We’ve said it time and time again — when it comes to creating your dream home, there’s no such thing as too much planning
, researching and discussing with your design team. But where do you start? As it turns out, sometimes the most basic thinking can spur the conversation and result in a home that suits your very specific needs.
“As humans, one of our most basic and primal drives is to create shelter,” says Ty Allen, design director at New Energy Works Timberframers
in Farmville, New York. “Out of an instinct for survival we separate ourselves from, and control how we relate to, the environment. The sun, the rain, the wind and the cold are all natural, but too much of any one can be hazardous. Through the ages we’ve employed the materials around us, mixing them with human intelligence, to build things to keep us dry, warm and safe.”
And then something interesting happens. “Almost at the same moment we create boundaries and edges, we then try to break them down,” he says, “but only to a level that we are comfortable with. We begin to make holes so that we can access the surroundings we have just cut ourselves off from. We desire to see the grass, feel the sun’s warmth, and smell the fresh breeze. We feel the tension of wanting to be immersed in that which is most natural to us while needing to gain physical separation from those elements.”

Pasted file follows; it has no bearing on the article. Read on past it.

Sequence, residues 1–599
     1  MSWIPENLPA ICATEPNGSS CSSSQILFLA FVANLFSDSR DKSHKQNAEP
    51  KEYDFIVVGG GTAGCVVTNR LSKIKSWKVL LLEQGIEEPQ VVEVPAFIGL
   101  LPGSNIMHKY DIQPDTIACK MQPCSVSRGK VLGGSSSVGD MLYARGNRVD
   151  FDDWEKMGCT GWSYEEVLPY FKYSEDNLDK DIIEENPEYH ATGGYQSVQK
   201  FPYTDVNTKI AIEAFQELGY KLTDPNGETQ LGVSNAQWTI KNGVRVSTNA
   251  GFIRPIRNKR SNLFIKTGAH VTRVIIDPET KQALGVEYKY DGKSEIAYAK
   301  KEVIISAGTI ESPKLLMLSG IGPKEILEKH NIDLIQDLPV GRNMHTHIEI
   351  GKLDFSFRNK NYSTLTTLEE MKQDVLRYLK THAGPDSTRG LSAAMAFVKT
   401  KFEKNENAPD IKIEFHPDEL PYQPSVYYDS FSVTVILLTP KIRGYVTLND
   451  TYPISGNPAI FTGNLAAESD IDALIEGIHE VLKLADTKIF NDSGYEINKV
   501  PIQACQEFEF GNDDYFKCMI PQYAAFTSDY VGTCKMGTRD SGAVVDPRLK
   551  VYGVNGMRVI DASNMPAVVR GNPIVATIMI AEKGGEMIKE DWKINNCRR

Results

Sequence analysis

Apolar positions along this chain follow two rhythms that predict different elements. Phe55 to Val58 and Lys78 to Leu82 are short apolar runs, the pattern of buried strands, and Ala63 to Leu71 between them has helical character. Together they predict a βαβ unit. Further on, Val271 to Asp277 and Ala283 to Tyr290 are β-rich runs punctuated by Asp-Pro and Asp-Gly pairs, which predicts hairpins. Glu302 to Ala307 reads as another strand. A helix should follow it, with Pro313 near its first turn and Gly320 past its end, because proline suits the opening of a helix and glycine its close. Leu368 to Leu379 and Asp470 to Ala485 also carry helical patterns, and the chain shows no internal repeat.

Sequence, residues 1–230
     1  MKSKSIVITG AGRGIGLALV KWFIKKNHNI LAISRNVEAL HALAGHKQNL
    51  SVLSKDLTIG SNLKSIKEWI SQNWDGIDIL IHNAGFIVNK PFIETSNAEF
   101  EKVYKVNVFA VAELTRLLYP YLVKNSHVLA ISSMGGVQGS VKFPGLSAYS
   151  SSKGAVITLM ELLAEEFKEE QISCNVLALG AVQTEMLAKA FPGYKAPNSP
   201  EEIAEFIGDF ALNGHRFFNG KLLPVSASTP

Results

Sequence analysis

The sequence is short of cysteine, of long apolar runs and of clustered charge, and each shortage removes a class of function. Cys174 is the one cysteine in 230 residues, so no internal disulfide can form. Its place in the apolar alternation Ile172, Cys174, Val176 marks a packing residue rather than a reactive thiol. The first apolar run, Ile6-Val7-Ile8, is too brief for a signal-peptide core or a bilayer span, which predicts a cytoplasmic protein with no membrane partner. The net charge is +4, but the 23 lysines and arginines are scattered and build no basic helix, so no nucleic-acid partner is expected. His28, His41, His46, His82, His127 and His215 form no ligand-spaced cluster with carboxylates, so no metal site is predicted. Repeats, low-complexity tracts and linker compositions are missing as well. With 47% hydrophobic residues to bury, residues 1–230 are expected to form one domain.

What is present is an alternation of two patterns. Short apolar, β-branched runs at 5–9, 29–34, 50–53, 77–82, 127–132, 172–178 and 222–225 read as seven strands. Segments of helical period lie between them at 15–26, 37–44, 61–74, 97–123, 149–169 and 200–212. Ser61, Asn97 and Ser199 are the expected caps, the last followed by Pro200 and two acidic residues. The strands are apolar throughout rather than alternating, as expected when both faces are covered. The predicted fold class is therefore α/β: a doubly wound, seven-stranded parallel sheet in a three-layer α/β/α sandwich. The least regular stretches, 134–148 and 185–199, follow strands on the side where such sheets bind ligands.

So, what does this say about how and what we design
and build? “It should inspire us to look for new and interesting ways to allow the inhabitants of the shelters we make to reconnect with their surroundings,” Allen says. “As designers, we challenge ourselves to help homes engage and interact in new ways. Rather than traditional methods, such as porches and decks
, how else can we reconnect?”See also 3 Ways to Style a Classic Timber Home Porch
To decide for yourself (and your future home), Allen suggests asking yourself these questions to get started:
- How do you want to engage with your outdoor environment? Directly on the ground level? Through framed views? In large gathering spaces or intimate pockets?
- What indoor versus outdoor needs do you and your family and friends have?
- Will you host frequent large gatherings that overflow from inside to outside? Occasional outdoor private parties? Morning coffee with a view?
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“By answering these questions and sharing your answers with your designer, the shelter you call a home has the capacity to be so much more than walls, a roof and windows
,” Allen explains. “It can be a lens, a filter and a bridge, allowing us to carefully and deliberately reestablish our relationship with the environment we have worked so hard to protect ourselves from.” About our Designer
Ty Allen, AIA, is the Design-Build Manager at New Energy Works Timberframers.